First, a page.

Wednesday, November 2, 2016

Math Mondays: Engaging the Unengaged Student

This week for Doc Running’s blog hop, we are sharing strategies for engaging the unengaged students in our classes.  I would like to share a personal story that still brings tears to my eyes when I recall the events of last spring.

This week for Doc Running’s blog hop, we are sharing strategies for engaging the unengaged students in our classes.  I would like to share a personal story that still brings tears to my eyes when I recall the events of last spring.

Last year I left my beloved full time teaching position to pursue a part time position as a Title 1 Math Tutor.  I came from a very high achieving suburban district and now teach at an urban middle school school.  It was definitely a culture shock for me, but I felt I could really make a difference and I was right.  During my first week, I witnessed a lot about the culture of the school.  Disrespect, depression, and disinterest seemed to be abundant. 

This week for Doc Running’s blog hop, we are sharing strategies for engaging the unengaged students in our classes.  I would like to share a personal story that still brings tears to my eyes when I recall the events of last spring.

A student, we’ll call her Natasha, got into a verbal battle with her math teacher, and right away I was intimidated by her.  She was tough.  Nevertheless, I began teaching intervention lessons in her class.  I oozed with energy and joy as I worked with these kids.  How could I help it?  This is what I love to do.  For the first couple of weeks, I would make a quick stop at Natasha's desk, offer advice, and quickly move along.  After a couple more weeks, she would start to call me over to help her.  About two months into this experience, one afternoon when I was helping Natasha through some rate of change practice, she said "you can call on me for the answer to this one."  I was overjoyed that this girl with the cold, argumentative nature, now wanted to volunteer in math class.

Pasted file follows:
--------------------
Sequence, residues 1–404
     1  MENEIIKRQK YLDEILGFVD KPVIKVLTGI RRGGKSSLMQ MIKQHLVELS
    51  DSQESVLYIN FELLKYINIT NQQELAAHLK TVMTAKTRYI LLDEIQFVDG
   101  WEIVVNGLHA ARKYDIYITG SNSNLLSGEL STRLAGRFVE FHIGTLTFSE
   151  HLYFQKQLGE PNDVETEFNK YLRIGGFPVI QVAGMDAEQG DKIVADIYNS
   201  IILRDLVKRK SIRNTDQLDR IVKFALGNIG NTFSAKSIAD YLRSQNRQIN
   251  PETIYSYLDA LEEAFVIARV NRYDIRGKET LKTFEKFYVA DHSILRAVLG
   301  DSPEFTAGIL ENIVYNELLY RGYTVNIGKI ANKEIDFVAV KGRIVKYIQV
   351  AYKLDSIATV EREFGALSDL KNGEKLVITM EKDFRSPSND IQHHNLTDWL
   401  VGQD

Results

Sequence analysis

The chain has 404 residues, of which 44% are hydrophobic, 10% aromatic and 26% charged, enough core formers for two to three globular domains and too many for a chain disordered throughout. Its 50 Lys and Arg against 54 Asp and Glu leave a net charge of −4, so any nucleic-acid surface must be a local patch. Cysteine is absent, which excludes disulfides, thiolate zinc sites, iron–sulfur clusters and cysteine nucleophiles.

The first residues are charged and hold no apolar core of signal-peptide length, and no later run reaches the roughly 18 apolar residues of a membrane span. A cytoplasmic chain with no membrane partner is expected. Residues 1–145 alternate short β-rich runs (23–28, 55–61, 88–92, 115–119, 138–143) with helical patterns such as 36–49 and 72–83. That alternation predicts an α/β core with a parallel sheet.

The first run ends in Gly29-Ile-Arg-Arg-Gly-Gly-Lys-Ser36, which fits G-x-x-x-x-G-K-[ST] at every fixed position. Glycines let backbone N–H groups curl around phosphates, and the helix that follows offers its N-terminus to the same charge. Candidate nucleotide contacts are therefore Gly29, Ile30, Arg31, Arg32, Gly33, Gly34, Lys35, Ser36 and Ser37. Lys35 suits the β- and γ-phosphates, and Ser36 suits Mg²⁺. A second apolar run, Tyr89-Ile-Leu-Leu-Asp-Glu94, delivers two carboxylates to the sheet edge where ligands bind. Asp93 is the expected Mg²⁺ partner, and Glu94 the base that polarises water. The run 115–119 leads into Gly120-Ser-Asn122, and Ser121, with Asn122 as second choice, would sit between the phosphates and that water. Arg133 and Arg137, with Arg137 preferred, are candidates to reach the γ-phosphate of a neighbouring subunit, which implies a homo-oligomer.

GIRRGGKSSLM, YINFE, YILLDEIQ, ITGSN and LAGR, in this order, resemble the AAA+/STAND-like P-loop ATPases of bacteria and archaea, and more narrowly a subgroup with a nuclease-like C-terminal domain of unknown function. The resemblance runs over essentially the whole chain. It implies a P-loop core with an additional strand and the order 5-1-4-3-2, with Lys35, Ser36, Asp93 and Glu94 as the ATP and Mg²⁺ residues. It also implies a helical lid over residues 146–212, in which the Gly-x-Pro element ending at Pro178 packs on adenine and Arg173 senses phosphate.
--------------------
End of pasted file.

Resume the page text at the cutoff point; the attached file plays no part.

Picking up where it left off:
Well, by the end of the year she would smile when she saw me in the hall and in class, volunteer to share her answers, engaged in all our activities, and even asked me to be her tutor. 


Moral of the story?  It is amazing what a little energy, passion, and love can do.  I gave her time to learn to trust me, monitored her progress from a distance, and let my passion and love shine through.  I made sure Natasha – and all my students - knew they were respected and cared about.  This is why I teach.


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2 comments:

  1. What a wonderful story! There is nothing as gratifying as making connections with students, especially the tough ones. Thanks for sharing.

    Cheers,
    DocRunning

    ReplyDelete